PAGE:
Wal-Mart Stores Inc., long in the business of selling discount goods to low-income customers, is offering a new service — checking accounts targeted at those who don't use traditional bank accounts.
The service, called GoBank, is being rolled out nationwide in stores by the end of this month. The low-cost account is designed to be easy to set up and with the same perks as a checking account at a traditional bank — a debit card, mobile access, photo check deposit and a national network of free automated teller machines.
The accounts could bridge a financial gap for the roughly one in four Americans who are considered "unbanked" or "underbanked" by reaching them where they are comfortable shopping, analysts say. But critics wonder whether the accounts are cheap enough and if there aren't better options.
About 5.6 percent of Maryland residents and 7.5 percent of Baltimore-area residents do not have bank accounts, compared with more than 8 percent who are "unbanked" nationwide, according to a 2011 survey by the Federal Deposit Insurance Corp. The survey found that nearly 22 percent of Baltimore-area residents are "underbanked," meaning that they have a bank account but rely on alternative financial services such as check cashing, which can come with steep fees.
The GoBank accounts feature no minimum balance and no fees for overdrafts or bounced checks. A monthly fee of $8.95 is waived with a minimum monthly direct deposit of $500.
For GoBank, Wal-Mart has partnered with Green Dot Corp., which operates a federally regulated and insured bank known for its prepaid MasterCard and Visa cards.
Wal-Mart and Green Dot believe such a cost structure will appeal to customers who either do not use banks or are turned off by rising fees at other banks.
The checking account "is focused on customers who increasingly feel they just aren't getting the value they expect and deserve from traditional financial services companies because of complexity and high fees," said Alok Deshpande, Green Dot's chief product officer, in an email.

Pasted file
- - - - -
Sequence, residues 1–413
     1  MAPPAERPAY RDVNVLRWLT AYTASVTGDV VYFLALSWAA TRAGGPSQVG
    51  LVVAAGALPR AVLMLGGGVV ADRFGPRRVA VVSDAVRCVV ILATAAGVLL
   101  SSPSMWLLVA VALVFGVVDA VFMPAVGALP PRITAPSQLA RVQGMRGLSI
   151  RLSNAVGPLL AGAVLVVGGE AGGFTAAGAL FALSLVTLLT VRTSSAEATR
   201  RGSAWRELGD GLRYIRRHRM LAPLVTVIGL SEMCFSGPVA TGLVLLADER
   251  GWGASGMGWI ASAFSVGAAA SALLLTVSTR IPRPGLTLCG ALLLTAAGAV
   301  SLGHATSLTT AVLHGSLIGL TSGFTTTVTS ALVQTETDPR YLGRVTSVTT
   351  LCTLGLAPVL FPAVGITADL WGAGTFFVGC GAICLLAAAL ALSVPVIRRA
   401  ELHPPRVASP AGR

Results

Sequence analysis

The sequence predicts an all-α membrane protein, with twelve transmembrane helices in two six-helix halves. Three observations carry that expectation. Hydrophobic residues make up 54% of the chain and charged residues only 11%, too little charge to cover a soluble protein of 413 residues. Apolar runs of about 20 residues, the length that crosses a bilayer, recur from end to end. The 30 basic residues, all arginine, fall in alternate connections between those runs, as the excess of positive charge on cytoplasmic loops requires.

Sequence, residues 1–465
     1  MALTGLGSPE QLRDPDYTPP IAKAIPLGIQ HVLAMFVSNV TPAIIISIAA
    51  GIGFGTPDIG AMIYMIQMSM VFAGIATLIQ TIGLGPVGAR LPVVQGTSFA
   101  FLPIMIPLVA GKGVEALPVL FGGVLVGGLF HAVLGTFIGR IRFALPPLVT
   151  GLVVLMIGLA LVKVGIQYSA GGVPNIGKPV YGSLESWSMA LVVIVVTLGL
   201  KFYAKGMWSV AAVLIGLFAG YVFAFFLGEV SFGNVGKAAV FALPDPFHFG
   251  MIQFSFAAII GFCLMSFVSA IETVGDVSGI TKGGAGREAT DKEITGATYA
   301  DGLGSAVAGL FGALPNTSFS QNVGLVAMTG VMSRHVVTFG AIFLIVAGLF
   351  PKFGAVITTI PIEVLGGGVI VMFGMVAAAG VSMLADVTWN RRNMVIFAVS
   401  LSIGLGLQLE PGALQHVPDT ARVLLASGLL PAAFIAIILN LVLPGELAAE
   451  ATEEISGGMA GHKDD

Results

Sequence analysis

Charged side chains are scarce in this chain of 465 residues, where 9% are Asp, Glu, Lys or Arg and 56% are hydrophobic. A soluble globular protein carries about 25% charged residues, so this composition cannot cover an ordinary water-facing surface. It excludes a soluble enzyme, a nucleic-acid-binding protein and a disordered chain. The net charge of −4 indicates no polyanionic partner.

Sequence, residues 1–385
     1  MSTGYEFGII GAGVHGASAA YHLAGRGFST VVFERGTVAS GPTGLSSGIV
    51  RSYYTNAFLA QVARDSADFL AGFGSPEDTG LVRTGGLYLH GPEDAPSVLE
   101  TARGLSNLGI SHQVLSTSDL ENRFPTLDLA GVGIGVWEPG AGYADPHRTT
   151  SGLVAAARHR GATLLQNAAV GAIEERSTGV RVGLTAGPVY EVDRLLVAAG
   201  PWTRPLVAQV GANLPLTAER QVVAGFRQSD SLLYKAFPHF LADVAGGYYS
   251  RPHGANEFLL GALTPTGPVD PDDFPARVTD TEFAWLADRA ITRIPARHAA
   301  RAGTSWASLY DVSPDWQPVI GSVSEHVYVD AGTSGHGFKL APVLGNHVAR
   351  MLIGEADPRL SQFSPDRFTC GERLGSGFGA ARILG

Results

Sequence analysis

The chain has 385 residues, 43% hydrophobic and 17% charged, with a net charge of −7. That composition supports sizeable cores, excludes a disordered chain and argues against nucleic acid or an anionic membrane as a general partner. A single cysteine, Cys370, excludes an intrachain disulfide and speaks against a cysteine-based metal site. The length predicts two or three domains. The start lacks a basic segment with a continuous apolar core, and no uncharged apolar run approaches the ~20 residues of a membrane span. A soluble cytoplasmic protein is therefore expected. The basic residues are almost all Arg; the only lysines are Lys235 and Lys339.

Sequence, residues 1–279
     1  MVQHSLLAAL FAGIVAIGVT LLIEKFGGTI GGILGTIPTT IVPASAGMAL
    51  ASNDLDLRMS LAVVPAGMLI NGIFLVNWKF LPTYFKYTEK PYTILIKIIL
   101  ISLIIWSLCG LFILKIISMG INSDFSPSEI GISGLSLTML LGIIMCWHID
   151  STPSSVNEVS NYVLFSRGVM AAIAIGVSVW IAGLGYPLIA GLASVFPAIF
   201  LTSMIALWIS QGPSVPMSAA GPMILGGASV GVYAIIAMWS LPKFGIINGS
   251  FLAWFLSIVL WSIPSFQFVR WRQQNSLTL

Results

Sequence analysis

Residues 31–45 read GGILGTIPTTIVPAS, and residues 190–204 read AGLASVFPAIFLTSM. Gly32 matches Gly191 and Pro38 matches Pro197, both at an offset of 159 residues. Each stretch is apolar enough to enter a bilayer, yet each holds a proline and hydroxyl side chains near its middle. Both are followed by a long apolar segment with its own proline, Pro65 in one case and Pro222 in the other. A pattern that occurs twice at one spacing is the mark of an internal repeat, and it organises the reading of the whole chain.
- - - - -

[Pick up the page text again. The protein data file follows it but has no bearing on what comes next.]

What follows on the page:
Some believe the move will allow Wal-Mart to form tighter bonds with its customers — for many of their banking needs, they'll just drop by a store.
"When you build a banking relationship with a customer, they're kind of in your store on a regular basis," said Bert Ely, a principal at the financial institutions consulting firm Ely & Co. in Alexandria. "It's not so much to be in the banking business per se but to broaden and deepen the customer relationship."
GoBank marks a significant expansion of Wal-Mart's financial offerings. The retailer already offers check cashing and a prepaid debit card called Bluebird through a partnership with American Express. The company also leases space to independent bank branches in some stores.
Wal-Mart tried and failed to get into banking in the past. In 2007, the company sought a federal bank charter but withdrew its application amid heavy opposition from banks that contended the move would upend the traditional separation between banking and commerce — not to mention create a formidable competitor.
Unlike in the past when the industry opposed Wal-Mart's efforts to get a federal bank charter, banks are not concerned about this partnership with Green Dot because it is a bank subject to regulation.
"The concern [previously] was that they wouldn't be subject to the same rules and regulations," said Nessa Feddis, a senior vice president and deputy chief counsel for consumer protection and payments at the American Bankers Association. "But this is offered through a bank, and that makes it very different."